Sunday, July 13, 2014

The Beardliest Blues Man

Metal, as I have frequently noted, is known for the hairiness of its practitioners. That works out well, considering that beardliness falls right behind metalness on the list of topics I typically cover on this blog. However, as some of you will know from previous posts and comments I've made, I also have a deep and abiding love for the blues. Sadly, the same levels of bearded excellence are not to be found in that musical medium. Obviously there are a lot of perfectly valid social reasons for that, but the fact remains that there is a definite scarcity of beards in old blues music. The typical image of an old Delta-blues man generally involves a clean-shaven face and an old-fashioned suit to accompany the weathered acoustic guitar with which he made his living.

There are, however, some exceptions to this norm. The most impressively bearded of all the old blues masters was, in my humble opinion, Sam Chatmon of the Mississippi Sheiks. So today (for no particular reason other than that I'm in the right frame of mind after spending the evening drinking coffee, stroking my beard, playing guitar, and listening to a string of great old blues songs) I'd like to take a moment to honor the king of the bearded blues, Sam Chatmon.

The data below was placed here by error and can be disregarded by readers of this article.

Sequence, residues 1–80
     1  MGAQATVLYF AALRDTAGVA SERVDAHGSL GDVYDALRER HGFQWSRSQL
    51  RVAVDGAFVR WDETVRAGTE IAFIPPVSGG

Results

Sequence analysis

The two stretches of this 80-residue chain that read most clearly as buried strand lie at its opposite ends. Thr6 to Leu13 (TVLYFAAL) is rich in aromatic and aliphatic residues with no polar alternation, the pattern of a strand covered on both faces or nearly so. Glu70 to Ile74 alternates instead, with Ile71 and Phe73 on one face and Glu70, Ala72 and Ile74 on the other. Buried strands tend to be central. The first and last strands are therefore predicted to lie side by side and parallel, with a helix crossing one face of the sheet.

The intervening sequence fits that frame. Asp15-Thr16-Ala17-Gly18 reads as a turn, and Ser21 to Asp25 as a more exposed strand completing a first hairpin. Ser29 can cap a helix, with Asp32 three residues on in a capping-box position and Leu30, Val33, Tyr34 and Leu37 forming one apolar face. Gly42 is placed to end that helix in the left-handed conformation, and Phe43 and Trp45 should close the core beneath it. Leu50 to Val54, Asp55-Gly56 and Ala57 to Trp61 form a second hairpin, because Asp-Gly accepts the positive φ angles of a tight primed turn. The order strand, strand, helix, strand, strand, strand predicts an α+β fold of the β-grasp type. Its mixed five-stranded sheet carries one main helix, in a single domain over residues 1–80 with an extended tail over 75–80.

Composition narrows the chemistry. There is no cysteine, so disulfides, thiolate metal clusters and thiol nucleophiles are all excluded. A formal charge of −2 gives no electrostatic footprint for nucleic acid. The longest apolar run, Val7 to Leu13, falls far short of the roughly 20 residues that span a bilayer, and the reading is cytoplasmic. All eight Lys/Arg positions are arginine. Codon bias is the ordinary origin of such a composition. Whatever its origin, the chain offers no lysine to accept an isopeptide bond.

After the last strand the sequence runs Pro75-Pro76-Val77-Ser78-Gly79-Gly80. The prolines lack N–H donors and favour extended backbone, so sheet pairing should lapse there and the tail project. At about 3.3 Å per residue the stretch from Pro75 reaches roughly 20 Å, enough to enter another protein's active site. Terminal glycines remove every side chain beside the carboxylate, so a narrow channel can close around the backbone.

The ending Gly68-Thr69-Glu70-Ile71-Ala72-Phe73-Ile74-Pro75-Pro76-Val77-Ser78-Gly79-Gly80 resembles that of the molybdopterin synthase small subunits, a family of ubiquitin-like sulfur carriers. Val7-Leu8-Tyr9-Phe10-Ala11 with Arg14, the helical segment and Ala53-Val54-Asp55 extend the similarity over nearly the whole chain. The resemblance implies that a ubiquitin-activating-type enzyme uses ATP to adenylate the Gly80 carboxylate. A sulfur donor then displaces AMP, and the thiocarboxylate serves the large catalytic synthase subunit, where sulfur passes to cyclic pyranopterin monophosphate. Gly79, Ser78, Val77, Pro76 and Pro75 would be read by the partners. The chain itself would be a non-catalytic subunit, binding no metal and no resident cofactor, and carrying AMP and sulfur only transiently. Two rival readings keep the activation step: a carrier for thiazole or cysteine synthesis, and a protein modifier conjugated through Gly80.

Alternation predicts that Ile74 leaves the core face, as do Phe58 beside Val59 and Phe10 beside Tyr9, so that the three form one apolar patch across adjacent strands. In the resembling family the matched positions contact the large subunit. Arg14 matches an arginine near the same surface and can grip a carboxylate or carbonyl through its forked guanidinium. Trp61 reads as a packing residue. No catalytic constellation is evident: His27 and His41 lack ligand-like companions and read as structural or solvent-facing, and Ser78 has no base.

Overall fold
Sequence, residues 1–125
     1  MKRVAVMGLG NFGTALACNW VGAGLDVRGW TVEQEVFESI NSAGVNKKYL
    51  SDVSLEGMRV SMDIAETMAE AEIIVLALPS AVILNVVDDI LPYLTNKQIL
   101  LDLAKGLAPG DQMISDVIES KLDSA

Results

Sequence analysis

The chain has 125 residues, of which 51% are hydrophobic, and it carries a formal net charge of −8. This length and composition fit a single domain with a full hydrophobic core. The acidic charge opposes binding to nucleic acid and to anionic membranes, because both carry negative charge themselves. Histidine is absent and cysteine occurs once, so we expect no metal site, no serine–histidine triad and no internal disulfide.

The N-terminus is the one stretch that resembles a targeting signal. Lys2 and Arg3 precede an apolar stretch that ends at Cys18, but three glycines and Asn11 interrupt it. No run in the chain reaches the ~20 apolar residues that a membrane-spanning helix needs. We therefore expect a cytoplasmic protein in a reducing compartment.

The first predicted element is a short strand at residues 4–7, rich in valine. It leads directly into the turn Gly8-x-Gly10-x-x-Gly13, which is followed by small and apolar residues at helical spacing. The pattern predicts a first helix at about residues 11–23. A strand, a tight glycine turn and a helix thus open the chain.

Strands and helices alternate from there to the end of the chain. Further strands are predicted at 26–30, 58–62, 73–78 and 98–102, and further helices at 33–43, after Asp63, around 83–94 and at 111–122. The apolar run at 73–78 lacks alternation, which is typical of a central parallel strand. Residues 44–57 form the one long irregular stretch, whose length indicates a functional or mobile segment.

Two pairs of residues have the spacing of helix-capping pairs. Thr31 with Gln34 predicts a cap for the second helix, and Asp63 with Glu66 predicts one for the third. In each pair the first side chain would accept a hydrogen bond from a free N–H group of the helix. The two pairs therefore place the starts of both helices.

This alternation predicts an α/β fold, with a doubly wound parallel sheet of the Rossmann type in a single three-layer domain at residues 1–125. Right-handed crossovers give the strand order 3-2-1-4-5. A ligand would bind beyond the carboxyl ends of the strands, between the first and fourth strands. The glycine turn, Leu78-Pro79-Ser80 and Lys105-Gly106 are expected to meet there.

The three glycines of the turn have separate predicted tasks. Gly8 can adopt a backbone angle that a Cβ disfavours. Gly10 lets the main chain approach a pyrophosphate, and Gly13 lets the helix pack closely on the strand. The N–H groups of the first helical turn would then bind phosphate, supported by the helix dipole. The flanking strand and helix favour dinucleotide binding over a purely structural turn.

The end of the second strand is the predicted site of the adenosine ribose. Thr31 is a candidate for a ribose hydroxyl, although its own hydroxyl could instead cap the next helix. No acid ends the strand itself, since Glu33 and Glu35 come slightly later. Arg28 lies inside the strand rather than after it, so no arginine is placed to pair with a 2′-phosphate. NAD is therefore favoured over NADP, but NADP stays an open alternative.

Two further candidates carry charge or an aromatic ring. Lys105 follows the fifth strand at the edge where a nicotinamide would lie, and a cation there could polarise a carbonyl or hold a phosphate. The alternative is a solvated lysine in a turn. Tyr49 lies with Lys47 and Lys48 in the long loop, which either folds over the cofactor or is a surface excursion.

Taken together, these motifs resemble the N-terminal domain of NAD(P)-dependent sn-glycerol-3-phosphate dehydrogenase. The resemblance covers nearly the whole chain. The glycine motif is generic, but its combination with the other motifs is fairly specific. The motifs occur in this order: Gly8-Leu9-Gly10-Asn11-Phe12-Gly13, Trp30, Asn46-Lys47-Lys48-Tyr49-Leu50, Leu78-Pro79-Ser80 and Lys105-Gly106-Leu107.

1. Now that you mention it, it is a little bit odd that more blues musicians didn't have beards. I'm not sure what social reasons you're referring to, but given the racial makeup of the blues I would think pseudofolliculitis barbae would play a role.

  2. I think the biggest factor was the fragile station of black men in the south prior to the Civil Rights Movement. They were put in a position of having to strive for respectability to the greatest possible degree in order to have even the smallest opportunities made available to them. In the first half of the 20th Century that generally meant wearing a suit and sporting short hair with a clean shave. If you look at photographs of early blues men, you'll find that they almost universally adhered to that code of appearance.